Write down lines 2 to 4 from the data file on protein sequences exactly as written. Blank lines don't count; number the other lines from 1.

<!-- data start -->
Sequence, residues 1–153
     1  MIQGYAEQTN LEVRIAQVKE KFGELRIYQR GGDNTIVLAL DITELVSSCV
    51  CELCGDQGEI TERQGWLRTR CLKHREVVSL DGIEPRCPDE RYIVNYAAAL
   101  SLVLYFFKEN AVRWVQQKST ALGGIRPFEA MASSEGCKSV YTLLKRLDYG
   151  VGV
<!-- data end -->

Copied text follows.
     1  MIQGYAEQTN LEVRIAQVKE KFGELRIYQR GGDNTIVLAL DITELVSSCV
    51  CELCGDQGEI TERQGWLRTR CLKHREVVSL DGIEPRCPDE RYIVNYAAAL
   101  SLVLYFFKEN AVRWVQQKST ALGGIRPFEA MASSEGCKSV YTLLKRLDYG